The Inkatha Freedom Party (IFP) draws its support largely from Zulu-speaking South Africans with its strongholds being the rural areas of KwaZulu-Natal and migrant workers’ hostels in the metropolitan areas of Gauteng.
Prince Mangosuthu Buthelezi has led the IFP since he founded it as the Inkatha National Cultural Liberation Movement in 1975. His political career dates back to the 1940s, when he joined the ANC Youth League while studying at Fort Hare University.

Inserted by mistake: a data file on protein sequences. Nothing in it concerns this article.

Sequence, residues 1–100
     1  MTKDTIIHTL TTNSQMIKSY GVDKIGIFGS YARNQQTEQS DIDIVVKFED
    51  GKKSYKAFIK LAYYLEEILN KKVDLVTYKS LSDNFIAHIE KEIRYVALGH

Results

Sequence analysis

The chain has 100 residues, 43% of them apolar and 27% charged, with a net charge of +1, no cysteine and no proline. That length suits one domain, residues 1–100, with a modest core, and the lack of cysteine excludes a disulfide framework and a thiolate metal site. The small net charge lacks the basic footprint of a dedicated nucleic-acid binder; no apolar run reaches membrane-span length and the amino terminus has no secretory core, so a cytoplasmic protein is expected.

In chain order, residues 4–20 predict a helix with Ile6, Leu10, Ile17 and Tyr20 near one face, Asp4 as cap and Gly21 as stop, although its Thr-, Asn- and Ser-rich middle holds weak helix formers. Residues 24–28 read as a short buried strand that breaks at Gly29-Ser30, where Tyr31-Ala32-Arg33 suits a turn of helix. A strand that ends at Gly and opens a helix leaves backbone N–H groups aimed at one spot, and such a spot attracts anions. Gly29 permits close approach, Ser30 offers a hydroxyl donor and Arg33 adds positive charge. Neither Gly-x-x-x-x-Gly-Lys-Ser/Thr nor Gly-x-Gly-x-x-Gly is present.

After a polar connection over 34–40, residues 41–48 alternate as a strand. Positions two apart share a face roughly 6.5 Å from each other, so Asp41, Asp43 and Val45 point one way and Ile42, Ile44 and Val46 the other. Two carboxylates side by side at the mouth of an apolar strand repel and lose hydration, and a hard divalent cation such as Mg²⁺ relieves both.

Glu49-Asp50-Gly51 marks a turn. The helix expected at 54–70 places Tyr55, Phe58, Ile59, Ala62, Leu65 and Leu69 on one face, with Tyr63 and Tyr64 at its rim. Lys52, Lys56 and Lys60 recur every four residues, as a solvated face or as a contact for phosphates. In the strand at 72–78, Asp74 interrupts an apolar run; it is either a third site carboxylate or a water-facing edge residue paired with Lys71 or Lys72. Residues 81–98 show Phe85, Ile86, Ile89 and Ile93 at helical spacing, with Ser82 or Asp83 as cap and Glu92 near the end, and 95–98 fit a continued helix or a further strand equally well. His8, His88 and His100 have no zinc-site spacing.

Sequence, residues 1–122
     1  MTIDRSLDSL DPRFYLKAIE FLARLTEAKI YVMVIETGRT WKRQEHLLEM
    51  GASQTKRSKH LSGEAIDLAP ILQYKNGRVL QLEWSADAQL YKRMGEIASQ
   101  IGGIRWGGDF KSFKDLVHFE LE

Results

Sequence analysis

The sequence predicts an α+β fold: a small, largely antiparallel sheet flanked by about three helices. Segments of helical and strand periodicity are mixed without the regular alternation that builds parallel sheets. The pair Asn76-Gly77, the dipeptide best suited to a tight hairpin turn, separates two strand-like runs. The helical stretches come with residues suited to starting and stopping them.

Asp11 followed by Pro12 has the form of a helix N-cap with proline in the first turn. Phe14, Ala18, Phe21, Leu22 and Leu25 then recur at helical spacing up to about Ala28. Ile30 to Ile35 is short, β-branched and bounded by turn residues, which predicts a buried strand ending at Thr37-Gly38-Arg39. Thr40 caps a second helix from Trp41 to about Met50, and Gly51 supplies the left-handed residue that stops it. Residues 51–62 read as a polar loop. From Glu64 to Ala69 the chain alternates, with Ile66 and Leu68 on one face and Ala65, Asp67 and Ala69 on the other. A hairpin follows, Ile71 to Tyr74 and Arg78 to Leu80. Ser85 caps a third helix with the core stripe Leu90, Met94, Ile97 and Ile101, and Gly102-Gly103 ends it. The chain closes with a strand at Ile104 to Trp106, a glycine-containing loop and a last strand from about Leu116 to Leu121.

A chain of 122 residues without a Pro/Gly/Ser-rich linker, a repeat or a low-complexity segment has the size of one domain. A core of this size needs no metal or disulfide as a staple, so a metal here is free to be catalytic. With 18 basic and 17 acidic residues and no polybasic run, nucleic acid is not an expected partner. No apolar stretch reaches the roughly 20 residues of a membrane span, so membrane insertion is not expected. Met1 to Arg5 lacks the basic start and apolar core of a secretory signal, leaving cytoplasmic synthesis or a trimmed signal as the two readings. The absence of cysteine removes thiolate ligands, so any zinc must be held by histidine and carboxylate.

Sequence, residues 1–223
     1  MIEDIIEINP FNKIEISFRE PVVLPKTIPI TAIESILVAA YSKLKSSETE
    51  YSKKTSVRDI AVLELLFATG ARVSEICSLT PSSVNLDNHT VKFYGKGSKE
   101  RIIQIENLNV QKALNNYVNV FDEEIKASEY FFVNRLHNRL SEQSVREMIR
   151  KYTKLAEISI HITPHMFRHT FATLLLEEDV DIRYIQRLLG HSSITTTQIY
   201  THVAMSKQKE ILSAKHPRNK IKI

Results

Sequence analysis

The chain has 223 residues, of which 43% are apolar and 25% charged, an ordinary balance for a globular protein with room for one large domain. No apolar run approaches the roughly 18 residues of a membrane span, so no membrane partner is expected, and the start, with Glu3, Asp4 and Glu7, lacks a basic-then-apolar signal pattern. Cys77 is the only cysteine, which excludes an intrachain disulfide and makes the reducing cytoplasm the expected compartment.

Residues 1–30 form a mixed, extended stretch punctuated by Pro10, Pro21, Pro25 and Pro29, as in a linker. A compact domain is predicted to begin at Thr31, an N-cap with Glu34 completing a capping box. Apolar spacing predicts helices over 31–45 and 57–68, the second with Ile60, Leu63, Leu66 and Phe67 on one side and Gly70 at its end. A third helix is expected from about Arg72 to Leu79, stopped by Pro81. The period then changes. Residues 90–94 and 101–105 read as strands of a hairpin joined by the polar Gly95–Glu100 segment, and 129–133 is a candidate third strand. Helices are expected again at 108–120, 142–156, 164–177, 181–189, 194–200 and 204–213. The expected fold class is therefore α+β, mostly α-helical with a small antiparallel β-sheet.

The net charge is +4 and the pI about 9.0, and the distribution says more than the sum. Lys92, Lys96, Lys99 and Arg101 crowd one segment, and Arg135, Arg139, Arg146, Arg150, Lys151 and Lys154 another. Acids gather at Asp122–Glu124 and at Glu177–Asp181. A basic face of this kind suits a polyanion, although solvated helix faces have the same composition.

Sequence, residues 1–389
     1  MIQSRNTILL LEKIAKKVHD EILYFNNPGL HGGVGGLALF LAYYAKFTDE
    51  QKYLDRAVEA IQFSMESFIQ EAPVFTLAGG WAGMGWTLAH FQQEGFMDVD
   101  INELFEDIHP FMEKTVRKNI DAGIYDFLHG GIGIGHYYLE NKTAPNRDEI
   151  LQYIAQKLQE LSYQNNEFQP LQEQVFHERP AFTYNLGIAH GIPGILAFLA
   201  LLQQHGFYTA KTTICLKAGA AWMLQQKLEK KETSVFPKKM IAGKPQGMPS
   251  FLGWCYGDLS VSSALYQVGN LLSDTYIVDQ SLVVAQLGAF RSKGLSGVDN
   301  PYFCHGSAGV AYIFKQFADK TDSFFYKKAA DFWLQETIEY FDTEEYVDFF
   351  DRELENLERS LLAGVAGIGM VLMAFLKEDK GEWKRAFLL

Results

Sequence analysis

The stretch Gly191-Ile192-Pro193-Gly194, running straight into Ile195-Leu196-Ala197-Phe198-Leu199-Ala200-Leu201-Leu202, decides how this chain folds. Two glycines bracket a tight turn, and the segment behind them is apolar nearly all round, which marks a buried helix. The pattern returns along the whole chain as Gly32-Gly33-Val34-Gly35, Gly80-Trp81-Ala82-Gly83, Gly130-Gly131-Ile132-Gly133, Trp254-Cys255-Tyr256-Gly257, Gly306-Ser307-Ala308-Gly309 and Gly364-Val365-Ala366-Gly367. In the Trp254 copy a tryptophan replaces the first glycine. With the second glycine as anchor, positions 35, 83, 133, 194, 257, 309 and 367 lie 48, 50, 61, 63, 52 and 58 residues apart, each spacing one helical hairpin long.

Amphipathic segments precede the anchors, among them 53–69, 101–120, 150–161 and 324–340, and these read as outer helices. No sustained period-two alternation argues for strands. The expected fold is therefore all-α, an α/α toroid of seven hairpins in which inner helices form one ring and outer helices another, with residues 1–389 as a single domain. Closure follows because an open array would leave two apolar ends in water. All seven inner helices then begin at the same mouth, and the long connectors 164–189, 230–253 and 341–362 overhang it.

Inkatha was transformed into a political party in July 1990, championing federalism as the best political option for South Africa.
The IFP believes in integrating traditional leadership into the system of governance by recognising traditional communities as models of societal organisation.
Buthelezi stepped down as leader of the IFP in 2019. He was replaced by Velenkosini Hlabisa.
The party has contested all municipal elections since 1995 with 757 704 (8.7%) in 1995; IFP scored 9.1% in 2000. In the last two local elections, the numbers dropped to 954 021 (3.6%) and 1.823 382 (4.73%) respectively in 2011 and 2016.
It’s currently the 4th largest party in the National Assembly after the 2019 general elections.